Did any of that make sense (sometimes I’m terrible at explaining this stuff) ?
Perfect sense, although i would add a caveat. I seem from remember from my high school agriculture classes that butterfat levels differed quite dramatically among breeds of dairy cattle, with the breeds that yielded higher milk volumes (e.g. Holstein-Freisian) tending to have lower butterfat, on average, than breeds such as Jersey and Guernsey, which gave less milk.
** They will continue to lactate for a long time after giving birth (I believe the milking process triggers that), but after a while the
quality of the milk will go down.
This is not true. Quantity of milk goes down, but rarely if ever to zero. Older cows are replaced becuase the younger ones are better (more efficient) producers.
Also, a couple other points :
Antibiotics are used for treatment of diseases, but these cows are segregated and their milk is NEVER allowed to go into the tank. Each and every shipment of milk is tested, and if they are detected, the milk is dumped, and the farmer gets a bigass fine; if it happens twice, they’ll stop taking his milk (ie he’s out of business).
Another thing, regarding the meat. Chances are the hamburger you got at McDonalds, or any beef for that matter, is from a culled dairy cow. Unless specified (like “100% angus beef”) most (maybe 90%) of the beef eaten in the US is dairy beef.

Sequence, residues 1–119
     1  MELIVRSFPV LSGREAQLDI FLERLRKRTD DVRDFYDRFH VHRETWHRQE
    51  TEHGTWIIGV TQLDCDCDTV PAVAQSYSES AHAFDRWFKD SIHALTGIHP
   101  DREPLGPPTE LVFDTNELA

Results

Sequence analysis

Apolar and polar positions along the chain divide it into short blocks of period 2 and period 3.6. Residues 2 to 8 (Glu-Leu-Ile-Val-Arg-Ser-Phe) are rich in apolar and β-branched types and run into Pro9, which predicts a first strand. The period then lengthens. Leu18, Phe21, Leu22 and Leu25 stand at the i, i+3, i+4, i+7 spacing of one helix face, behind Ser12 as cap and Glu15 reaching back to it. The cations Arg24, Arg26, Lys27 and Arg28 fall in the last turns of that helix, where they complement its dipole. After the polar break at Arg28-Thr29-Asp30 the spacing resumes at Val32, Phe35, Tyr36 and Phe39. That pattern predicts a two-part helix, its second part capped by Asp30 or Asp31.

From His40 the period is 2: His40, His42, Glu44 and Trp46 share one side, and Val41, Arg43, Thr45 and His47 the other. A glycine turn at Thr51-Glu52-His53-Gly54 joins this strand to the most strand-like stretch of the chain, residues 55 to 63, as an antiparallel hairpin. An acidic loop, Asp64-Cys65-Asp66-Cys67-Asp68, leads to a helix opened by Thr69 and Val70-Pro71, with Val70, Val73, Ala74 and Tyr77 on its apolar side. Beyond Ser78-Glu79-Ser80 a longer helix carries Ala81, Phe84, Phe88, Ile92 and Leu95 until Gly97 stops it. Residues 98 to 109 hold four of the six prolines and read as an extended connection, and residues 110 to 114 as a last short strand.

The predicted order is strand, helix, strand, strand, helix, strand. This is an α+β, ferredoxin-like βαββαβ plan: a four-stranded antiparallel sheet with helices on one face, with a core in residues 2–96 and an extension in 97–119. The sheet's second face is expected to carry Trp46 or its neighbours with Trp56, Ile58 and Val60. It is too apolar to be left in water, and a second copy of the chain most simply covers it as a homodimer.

I was always under the impression that the only cattle used for meat products (with the exception of veal) would be males who were castrated as so the onset of hormones does not toughen the muscles. I could be wrong, but I don’t think old dairy cows are ever slaughtered for meat.
Please correct if wrong.
That is a very interesting comment regarding average butterfat. Here in Japan (where I live) the average whole milk sold off the shelves is about 3.6 - 3.7. You can also pay an extra buck if you want 4.0 - 4.4 percent as well. On the other end of the spectrum, I think the average Japanese low fat milk is around 2.2 percent. Personally, I like the taste of the 4.0 milk.
Yes we’re talking Holsteins on this farm and I would think that they make up the majority of production in North America. Jersey and Guernsey run a higher butterfat but their production numbers per cow are a little smaller.
Note : After looking at many websites giving average butterfat and production numbers, none of them seem to agree but this gives you a general idea.
hashiriya, it wouldn’t surprise me a bit to find that different cultures have different tastes in milk and that the companys are willing to add butterfat or use higher butterfat producing breeds to cater to those tastes.
Also remember that modern cows lactate so much because they’ve been bred for it for thousands of years. Your average wild cow would lactate only while the calf is nursing, not for virtually all her adult life.
So, you can milk other mammals…horses, buffalo, llama, etc, but you won’t get very much milk without a couple thousand years of selective breeding.
BTW, anyone know if the Incas ever used llama milk?